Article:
Investigators say Brown’s daughter had used the phone, hours before the threats were called in, to post ads on a section of backpage.com, a website often used for prostitution. There were 17 text messages between that phone and Fairley’s cellphone.
Fairley told the Herald he was on the graveyard shift at the time and was sleeping the following afternoon when Detective Tony Aceves called to ask if he knew Brown, that particular cellphone number or anyone who goes to CBC.
Fairley checked his phone and did not find a contact with that number, he said, and the only link he may have had to the college campus was from his time in charge of the Pasco Police Explorers.
“Given the knowledge I had at the time, I didn’t feel like I said anything that was false or deceiving. I didn’t know that number,” Fairley said.
Fairley was called into the office of then-police Capt. Jim Raymond — now the Franklin County sheriff — about 11/2 weeks later and again questioned about his phone number. Then he was instructed to write a report about how he did not know Brown and did not recognize the number.
Investigators concluded Fairley lied several times to cover up his contact with a suspected prostitute.
Fairley said that if investigators had told him that it was Brown’s daughter, he might have been able to connect it to the online prostitution operation he had been overseeing for the police department.
Fairley was never suspected of any wrongdoing related to the bomb threats. Brown ultimately was convicted and sentenced to two years in prison.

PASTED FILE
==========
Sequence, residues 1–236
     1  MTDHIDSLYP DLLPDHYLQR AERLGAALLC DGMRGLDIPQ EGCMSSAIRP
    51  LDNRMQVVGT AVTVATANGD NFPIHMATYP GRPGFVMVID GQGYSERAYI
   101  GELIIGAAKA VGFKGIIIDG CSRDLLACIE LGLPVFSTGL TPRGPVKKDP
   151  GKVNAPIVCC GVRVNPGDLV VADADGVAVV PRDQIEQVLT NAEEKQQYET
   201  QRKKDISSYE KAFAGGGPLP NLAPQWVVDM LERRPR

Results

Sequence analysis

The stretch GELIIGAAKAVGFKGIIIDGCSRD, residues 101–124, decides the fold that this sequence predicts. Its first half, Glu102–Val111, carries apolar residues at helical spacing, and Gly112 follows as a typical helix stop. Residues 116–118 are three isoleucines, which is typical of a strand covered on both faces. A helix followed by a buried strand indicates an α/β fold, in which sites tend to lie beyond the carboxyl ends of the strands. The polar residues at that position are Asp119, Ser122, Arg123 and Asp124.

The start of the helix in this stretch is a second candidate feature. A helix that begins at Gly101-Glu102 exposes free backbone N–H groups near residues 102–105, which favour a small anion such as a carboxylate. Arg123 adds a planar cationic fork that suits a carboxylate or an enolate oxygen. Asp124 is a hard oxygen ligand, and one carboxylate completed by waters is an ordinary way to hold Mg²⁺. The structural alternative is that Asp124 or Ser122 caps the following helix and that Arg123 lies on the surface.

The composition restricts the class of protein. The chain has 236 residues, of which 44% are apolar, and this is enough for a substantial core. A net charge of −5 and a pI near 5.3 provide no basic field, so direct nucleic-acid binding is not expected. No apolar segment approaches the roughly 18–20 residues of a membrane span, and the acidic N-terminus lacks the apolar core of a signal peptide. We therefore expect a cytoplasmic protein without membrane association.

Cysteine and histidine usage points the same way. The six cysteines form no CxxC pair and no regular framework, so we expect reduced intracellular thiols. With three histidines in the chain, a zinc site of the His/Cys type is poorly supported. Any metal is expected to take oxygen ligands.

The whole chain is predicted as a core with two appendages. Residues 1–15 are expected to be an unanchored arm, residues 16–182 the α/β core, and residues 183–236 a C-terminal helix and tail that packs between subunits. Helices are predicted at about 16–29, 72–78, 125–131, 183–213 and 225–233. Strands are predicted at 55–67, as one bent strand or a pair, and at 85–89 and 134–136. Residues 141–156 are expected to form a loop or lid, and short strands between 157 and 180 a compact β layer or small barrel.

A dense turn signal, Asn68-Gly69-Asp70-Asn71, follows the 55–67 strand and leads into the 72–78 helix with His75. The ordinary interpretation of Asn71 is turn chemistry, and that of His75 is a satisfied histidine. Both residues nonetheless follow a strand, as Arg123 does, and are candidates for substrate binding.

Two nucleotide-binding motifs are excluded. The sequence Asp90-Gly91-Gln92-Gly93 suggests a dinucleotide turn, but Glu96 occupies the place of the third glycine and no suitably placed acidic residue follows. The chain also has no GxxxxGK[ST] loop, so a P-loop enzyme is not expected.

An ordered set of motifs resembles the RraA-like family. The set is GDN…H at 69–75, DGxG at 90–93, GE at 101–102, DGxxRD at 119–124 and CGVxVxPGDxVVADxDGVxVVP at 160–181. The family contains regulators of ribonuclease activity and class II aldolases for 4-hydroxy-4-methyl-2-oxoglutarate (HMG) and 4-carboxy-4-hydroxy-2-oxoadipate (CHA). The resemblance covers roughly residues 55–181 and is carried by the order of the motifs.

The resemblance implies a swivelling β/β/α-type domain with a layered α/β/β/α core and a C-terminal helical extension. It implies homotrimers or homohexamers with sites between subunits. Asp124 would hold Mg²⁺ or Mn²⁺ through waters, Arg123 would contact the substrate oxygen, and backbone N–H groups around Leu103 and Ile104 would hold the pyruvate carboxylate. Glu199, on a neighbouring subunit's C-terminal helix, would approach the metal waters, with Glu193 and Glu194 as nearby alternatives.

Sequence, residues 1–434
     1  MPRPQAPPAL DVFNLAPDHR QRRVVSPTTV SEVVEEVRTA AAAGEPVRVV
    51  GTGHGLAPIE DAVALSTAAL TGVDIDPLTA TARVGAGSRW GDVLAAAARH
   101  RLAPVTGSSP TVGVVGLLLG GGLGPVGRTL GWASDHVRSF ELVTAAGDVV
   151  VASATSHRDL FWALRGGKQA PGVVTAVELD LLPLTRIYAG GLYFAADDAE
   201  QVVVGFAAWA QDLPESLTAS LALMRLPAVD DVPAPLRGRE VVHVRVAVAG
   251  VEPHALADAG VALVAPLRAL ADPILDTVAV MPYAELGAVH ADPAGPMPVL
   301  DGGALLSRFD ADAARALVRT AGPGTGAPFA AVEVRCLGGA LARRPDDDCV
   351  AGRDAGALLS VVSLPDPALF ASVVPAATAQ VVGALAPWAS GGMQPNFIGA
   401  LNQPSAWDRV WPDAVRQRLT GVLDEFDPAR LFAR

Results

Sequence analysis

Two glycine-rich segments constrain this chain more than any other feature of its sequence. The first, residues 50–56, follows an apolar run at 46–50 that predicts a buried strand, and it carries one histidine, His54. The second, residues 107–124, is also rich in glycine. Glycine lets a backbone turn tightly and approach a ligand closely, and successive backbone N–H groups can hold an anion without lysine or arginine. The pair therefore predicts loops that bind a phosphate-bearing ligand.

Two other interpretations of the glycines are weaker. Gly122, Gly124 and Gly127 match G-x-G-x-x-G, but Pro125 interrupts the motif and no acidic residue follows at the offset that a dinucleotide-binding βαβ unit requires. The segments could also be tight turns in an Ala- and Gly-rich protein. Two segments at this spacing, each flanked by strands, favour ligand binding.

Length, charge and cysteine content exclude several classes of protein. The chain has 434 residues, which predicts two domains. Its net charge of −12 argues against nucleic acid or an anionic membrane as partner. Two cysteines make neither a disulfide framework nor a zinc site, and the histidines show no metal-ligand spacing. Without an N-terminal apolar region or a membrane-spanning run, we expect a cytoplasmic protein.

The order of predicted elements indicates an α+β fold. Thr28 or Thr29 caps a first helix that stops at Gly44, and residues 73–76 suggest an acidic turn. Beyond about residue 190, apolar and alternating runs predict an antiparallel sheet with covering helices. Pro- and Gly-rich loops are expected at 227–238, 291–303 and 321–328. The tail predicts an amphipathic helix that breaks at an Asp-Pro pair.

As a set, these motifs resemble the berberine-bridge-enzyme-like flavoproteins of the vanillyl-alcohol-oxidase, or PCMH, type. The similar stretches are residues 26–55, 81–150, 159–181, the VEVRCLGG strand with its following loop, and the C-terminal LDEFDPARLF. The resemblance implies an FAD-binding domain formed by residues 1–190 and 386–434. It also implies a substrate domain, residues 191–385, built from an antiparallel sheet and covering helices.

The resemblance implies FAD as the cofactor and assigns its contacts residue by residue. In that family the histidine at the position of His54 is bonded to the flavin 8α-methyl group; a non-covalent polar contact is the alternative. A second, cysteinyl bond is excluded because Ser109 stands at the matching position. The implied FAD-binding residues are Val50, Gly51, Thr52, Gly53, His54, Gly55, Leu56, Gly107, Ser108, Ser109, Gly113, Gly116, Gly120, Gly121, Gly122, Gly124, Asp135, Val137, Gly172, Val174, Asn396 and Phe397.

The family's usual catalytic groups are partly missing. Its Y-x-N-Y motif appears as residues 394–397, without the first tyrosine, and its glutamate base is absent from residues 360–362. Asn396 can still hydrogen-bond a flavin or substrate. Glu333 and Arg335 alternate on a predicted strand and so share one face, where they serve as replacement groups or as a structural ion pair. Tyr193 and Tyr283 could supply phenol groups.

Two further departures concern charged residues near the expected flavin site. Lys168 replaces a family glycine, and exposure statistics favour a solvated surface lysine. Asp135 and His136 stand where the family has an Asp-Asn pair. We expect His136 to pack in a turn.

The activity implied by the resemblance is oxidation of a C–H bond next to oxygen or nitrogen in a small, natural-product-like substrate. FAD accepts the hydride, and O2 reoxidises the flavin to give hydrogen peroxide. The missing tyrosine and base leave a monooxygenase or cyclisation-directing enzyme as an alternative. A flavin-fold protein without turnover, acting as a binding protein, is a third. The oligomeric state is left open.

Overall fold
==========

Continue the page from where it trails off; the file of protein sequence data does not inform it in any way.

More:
Fairley was placed on administrative leave in January 2014, and the department asked Walla Walla police for an independent investigation into the possible false statements.
Fairley said that after receiving notification from Metzger that he was not to enter the police station or talk to his colleagues about the investigation, he sent an email to several administrators asking them to look for a file in his SWAT locker.
The file contained paperwork about his prostitution operation — of which the administrators were aware was his crew’s “quality of life emphasis” — and that it would protect his name and exonerate him, he said.
Fairley called the printouts, which included names of known prostitutes and lingo used, “intelligence gathering” for the operation. He later learned it all was destroyed instead of being forwarded on to Walla Walla police, he said.
Fairley claims the chief lied when he testified that he never received the email request, and that he didn’t know his officer was working a prostitution sting so he had no idea the documents were relevant to the allegations.
Metzger told the Herald that as police chief, he is the keeper of everything in the department that is either work product or equipment. All personal property found in Fairley’s locker was returned to him, he said.
“It wasn’t part of a case file ... It was simply a bunch of papers in a box,” Metzger said. “If it was evidence, (Fairley) should have tagged it as evidence.”
Fairley — who had served as a sergeant in early 2013 before a demotion — was fired from the department in May 2014.